(CNSNews.com) – For the second time in less than a fortnight, Secretary of State John Kerry on Sunday announced a “cessation of hostilities” to take effect within days in Syria.
He also shrugged off criticism about the failure of diplomatic efforts to end a convoluted conflict that has drawn in global and regional powers and triggered the biggest refugee crisis since World War II, saying critics have offered no workable alternative.
“A lot of cynics have criticized our diplomatic efforts,” he told reporters in Amman, Jordan.
“But I want to point out very clearly they have not offered a realistic alternative that actually decreases the bloodshed and ends the conflict,” Kerry continued. “Nobody would like to see our diplomatic efforts move more quickly than I would. But the truth is we are, in fact, making progress, even as I stand here today.”
He said there has been some movement – since a meeting of the International Syria Support Group (ISSG) in Munich, Germany earlier this month – in getting aid to several towns under siege, and to besieged suburbs of Damascus
“The modalities for a cessation of hostilities are now being completed.”
When he first announced a “cessation” – rather than a more ambitious ceasefire – standing alongside Russian Foreign Minister Sergei Lavrov in Munich on Friday, Feb. 12, Kerry said it would take effect “in a target of one week’s time,” that is, by Friday, Feb. 19.
On Sunday he was more cautious about setting dates, but said that after further talks – including phone conversations with Lavrov – “we have reached a provisional agreement in principle on the terms of a cessation of hostilities that could begin in the coming days.”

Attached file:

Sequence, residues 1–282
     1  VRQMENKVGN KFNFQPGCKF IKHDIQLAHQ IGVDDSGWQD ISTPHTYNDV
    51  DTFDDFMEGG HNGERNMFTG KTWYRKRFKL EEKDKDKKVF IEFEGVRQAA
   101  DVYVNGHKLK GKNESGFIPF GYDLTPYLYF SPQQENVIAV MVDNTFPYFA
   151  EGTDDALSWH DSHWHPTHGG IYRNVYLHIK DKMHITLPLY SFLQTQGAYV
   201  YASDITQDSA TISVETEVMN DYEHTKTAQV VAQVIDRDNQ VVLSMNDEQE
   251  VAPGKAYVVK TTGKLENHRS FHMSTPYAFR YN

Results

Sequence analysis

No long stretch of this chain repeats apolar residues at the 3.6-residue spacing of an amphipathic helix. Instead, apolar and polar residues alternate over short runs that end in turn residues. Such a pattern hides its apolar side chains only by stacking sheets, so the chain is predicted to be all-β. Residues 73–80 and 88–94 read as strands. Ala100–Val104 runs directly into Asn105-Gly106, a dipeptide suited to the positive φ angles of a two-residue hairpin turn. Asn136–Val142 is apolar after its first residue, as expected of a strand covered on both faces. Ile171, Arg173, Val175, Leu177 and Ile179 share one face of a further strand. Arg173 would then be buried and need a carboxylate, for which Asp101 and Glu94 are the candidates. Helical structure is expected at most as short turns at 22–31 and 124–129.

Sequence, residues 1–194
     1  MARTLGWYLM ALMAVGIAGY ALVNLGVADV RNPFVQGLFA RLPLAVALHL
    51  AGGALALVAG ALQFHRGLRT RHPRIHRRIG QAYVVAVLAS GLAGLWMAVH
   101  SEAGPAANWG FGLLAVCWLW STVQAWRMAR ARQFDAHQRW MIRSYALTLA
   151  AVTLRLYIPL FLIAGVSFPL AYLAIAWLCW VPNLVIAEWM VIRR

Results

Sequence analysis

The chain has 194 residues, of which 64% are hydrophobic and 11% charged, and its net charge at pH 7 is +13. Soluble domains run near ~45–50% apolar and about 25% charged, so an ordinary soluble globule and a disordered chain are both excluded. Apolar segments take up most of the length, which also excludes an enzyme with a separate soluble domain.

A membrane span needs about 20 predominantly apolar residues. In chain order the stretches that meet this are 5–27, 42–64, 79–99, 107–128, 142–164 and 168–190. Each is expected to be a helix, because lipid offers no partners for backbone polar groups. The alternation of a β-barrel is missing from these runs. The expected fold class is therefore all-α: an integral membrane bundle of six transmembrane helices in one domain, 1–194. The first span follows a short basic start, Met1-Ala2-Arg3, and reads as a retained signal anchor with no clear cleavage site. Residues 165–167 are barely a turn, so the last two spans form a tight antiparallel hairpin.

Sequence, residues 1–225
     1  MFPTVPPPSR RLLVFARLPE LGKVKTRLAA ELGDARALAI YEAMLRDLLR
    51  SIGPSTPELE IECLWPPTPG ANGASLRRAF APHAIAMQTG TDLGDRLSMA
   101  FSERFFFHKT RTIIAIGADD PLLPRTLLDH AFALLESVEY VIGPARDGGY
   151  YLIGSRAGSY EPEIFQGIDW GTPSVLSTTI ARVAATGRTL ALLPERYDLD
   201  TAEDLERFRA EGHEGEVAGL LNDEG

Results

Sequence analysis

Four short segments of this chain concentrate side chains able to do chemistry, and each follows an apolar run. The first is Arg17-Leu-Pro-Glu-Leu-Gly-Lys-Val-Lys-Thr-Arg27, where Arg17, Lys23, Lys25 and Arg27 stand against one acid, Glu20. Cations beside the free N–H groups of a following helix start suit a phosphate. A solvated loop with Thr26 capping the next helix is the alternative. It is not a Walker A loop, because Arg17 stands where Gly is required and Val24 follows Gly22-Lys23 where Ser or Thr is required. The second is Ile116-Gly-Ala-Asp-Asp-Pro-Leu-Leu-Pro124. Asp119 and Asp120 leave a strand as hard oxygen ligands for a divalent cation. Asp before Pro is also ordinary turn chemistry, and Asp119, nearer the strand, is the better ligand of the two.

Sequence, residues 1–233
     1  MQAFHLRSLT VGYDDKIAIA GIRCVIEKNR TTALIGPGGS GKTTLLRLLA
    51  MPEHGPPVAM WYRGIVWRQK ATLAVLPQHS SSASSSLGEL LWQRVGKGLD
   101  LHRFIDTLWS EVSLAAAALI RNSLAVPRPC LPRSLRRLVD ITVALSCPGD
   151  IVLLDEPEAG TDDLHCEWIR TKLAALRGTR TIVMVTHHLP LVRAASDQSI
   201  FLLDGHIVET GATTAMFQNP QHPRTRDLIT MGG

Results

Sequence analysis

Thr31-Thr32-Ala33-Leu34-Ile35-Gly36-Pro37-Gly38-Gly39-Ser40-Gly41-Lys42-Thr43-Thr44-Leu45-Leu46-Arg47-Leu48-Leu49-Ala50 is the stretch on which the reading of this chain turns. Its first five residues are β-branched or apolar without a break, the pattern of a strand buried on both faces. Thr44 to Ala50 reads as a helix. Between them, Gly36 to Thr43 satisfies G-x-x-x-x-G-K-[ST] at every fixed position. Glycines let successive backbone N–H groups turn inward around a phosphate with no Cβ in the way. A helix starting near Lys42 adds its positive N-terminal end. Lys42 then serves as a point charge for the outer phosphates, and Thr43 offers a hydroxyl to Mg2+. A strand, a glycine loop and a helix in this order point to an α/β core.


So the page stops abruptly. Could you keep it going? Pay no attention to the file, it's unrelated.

Kerry also said President Obama and Russian President Vladimir Putin would likely talk “in the next days or so, in order to try to complete this task.”
The U.S. and Russia are ostensibly in agreement about the need to fight the Islamic State of Iraq and Syria (ISIS/ISIL) jihadists who have exploited the rebellion against the Assad regime to further its bloody campaign for a “caliphate” across parts of both Syria and Iraq.
But U.S.-Russia agreement on Syria largely ends there. Under the cover of an air campaign that is supposedly targeting ISIS and the al-Qaeda-affiliated Jabhat al-Nusra, Russia is bombing other opposition groups opposed to its ally, Syrian President Bashar al-Assad – including groups supported by the U.S. to fight against ISIS.
Around Aleppo, Syria’s largest city, Russian airstrikes and Shi’ite militia from Iran, Lebanon and Iraq have been helping Assad’s forces make advances in recent weeks, prompting some analysts to talk about a possible “turning point” in the war, in the regime’s favor.
Pointing to the presence of Jabhat al-Nusra fighters – and of other rebel groups that have cooperated with Jabhat al-Nusra – Russia is pressing home the offensive around Aleppo despite the “cessation” efforts.
(All parties in the ISSG, including the U.S. and Russia, agree that ISIS and Jabhat al-Nusra should be exempt from any ceasefire agreement.)
Despite the supposed agreements reached in Munich, Baghdad-based U.S. military spokesman Col. U.S. Army Col. Steve Warren said last week Russian and regime air attacks had intensified rather than lessened.
Meanwhile civilian fatality numbers continue to climb, with Russia accused of bombing hospitals and schools last week in Idlib and Aleppo provinces. Russia says there’s no proof it was responsible, while the Assad regime blames the U.S.-led anti-ISIS coalition.
Warren said the coalition has not carried out a single airstrike in Aleppo this year, and that both Russians and Syrian regime aircraft had conducted strikes in the areas where the hospitals were hit at the time.
A U.N. Security Council resolution (2254) passed in December – unanimously, i.e., with Russia’s support – demanded an immediate halt on attacks on civilians in Syria.
One independent monitoring group reported that Russia accounted for more civilian deaths in January than either the regime or ISIS.